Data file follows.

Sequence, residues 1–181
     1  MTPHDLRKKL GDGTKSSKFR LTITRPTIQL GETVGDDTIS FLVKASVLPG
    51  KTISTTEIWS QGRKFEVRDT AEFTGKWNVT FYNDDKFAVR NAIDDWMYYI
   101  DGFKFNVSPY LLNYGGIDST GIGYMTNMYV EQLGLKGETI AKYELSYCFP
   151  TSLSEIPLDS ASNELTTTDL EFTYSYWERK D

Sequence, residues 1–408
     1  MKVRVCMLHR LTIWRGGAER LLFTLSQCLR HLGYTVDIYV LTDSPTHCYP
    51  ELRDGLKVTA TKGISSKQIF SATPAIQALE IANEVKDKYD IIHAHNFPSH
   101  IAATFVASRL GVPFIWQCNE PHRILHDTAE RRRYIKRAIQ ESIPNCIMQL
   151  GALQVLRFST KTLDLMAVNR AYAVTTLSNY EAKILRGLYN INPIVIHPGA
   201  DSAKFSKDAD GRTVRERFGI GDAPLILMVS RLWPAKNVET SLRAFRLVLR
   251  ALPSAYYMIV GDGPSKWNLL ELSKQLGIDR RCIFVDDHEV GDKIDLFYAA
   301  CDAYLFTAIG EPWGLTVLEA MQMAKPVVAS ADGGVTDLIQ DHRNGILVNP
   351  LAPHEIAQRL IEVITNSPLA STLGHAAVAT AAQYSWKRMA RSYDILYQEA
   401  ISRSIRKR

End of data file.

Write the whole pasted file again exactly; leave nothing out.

Sequence, residues 1–181
     1  MTPHDLRKKL GDGTKSSKFR LTITRPTIQL GETVGDDTIS FLVKASVLPG
    51  KTISTTEIWS QGRKFEVRDT AEFTGKWNVT FYNDDKFAVR NAIDDWMYYI
   101  DGFKFNVSPY LLNYGGIDST GIGYMTNMYV EQLGLKGETI AKYELSYCFP
   151  TSLSEIPLDS ASNELTTTDL EFTYSYWERK D

Sequence, residues 1–408
     1  MKVRVCMLHR LTIWRGGAER LLFTLSQCLR HLGYTVDIYV LTDSPTHCYP
    51  ELRDGLKVTA TKGISSKQIF SATPAIQALE IANEVKDKYD IIHAHNFPSH
   101  IAATFVASRL GVPFIWQCNE PHRILHDTAE RRRYIKRAIQ ESIPNCIMQL
   151  GALQVLRFST KTLDLMAVNR AYAVTTLSNY EAKILRGLYN INPIVIHPGA
   201  DSAKFSKDAD GRTVRERFGI GDAPLILMVS RLWPAKNVET SLRAFRLVLR
   251  ALPSAYYMIV GDGPSKWNLL ELSKQLGIDR RCIFVDDHEV GDKIDLFYAA
   301  CDAYLFTAIG EPWGLTVLEA MQMAKPVVAS ADGGVTDLIQ DHRNGILVNP
   351  LAPHEIAQRL IEVITNSPLA STLGHAAVAT AAQYSWKRMA RSYDILYQEA
   401  ISRSIRKR